NETHERLANDS – A paper prepared by staff at the Dutch central bank and civil service pension fund ABP has found that a small number of trades causes most market impact.

The study – which used ABP equity trading data from 2002 – found that cutting costs in just a few trades could result in substantial savings.

“When a relatively small group of trades causes the major part of the market impact costs of an investment portfolio, a reduction of the trading costs of comparatively few expensive trades would already result in substantial savings on total trading costs,” the 20-page paper found.

“For the equity trades studied in this paper, executed by the world’s second largest pension fund, we find that only 10% of the trades determines 75% of total market impact costs,” the researchers write.

The comments come in a working paper from De Nederlandsche Bank called ‘Forecasting Market Impact Costs and Identifying Expensive Trades’.

It was prepared by the DNB’s Jacob Bikker, Twente University’s Laura Spierdijk alongside Roy Hoevenaars and Pieter Jelle van der Sluis of ABP. It is stressed that the views expressed are those of the authors and not the DNB.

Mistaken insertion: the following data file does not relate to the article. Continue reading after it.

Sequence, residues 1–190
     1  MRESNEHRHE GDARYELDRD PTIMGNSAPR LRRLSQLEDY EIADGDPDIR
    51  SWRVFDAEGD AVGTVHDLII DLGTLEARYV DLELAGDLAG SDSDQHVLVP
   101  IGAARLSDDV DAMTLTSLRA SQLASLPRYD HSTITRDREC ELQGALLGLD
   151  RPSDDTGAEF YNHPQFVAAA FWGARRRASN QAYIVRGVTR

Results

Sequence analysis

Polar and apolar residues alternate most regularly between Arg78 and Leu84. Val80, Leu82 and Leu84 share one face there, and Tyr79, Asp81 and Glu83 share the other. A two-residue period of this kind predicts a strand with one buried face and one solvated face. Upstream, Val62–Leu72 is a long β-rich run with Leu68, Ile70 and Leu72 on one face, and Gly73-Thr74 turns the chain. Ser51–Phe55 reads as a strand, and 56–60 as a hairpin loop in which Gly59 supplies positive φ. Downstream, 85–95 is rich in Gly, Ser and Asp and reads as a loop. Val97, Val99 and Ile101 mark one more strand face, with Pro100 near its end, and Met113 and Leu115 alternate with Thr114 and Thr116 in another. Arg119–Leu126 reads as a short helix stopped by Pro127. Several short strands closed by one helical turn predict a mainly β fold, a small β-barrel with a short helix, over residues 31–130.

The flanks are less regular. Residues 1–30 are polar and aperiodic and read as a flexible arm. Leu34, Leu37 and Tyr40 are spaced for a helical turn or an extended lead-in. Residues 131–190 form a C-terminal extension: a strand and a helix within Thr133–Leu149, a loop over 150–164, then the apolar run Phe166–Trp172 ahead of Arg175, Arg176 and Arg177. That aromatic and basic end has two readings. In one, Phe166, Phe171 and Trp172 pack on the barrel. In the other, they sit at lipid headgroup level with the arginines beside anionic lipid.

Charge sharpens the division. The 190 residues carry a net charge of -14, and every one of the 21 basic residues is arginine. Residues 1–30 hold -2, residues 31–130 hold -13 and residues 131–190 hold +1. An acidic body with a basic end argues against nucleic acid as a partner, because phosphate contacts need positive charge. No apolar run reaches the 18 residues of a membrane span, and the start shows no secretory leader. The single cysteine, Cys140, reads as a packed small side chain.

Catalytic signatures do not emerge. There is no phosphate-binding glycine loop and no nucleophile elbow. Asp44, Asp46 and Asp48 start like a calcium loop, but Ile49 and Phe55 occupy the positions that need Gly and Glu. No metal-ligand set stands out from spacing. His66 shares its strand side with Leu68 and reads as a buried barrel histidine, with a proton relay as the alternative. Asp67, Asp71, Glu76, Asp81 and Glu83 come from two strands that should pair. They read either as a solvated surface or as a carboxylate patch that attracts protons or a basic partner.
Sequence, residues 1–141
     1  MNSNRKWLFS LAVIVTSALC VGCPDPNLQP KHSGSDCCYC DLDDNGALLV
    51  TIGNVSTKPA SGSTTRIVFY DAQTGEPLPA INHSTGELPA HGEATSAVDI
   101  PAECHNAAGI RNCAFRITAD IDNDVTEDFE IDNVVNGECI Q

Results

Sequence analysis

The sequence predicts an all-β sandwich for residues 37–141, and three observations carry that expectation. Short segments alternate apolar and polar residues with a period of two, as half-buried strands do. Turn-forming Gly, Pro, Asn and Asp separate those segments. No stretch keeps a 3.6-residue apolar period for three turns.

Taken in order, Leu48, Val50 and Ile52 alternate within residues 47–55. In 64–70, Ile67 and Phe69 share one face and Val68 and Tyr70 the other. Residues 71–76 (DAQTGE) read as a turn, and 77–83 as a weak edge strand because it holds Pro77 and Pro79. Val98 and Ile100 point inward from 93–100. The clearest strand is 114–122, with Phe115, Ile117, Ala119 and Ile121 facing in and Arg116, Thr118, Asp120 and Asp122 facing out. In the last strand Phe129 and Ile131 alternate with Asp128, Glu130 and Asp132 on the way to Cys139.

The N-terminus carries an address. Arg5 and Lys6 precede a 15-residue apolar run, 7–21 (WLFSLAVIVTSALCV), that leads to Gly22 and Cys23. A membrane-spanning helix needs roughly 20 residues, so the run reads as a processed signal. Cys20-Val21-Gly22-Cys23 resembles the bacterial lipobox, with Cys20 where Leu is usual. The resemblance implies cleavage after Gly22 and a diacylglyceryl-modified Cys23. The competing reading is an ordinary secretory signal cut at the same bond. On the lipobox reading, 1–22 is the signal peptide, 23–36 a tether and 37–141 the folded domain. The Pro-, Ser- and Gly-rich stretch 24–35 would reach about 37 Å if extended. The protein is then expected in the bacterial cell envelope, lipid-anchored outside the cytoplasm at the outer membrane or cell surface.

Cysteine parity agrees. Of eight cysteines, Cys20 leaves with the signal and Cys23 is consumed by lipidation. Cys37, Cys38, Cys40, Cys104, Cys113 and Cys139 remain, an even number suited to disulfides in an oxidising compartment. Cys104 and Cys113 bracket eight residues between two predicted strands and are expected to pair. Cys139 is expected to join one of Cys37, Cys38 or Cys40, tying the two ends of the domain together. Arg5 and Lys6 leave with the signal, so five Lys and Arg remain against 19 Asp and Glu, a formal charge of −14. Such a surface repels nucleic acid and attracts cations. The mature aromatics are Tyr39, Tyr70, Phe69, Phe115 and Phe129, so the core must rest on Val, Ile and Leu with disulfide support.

The paper advocates two methods for forecasting future trading costs.

The first involves using five ‘buckets’ to classify trades. Each trade is assigned to a bucket depending on the probability of the trade incurring high market impact costs.

The second identifies expensive trades by considering the probability that market impact costs will exceed a critical level – whereby it is labelled as potentially expensive.

“Applied to the pension fund data, both methods succeed in filtering out a considerable number of trades with high trading costs and substantially outperform no-skill prediction methods.”

The study has emerged as Dutch pension associations have called for transparency on fees to brokers.

The company pension body OPF and the VB industry-wide association are calling upon their members to insist on transparency regarding the fees paid to brokers in the context of asset management.

They said in a joint statement: “Until now, it has often been the case that in the fees paid by an assets manager to a broker for carrying out securities transactions, no distinction is made between the costs that the broker incurs when carrying out equities transactions and the costs for other services, such as investment research.”

They said the drawback is that the asset manager's client (the pension fund) is unable to check whether services other than carrying out transactions are provided for their asset manager and they are therefore paying for something of which they have no knowledge.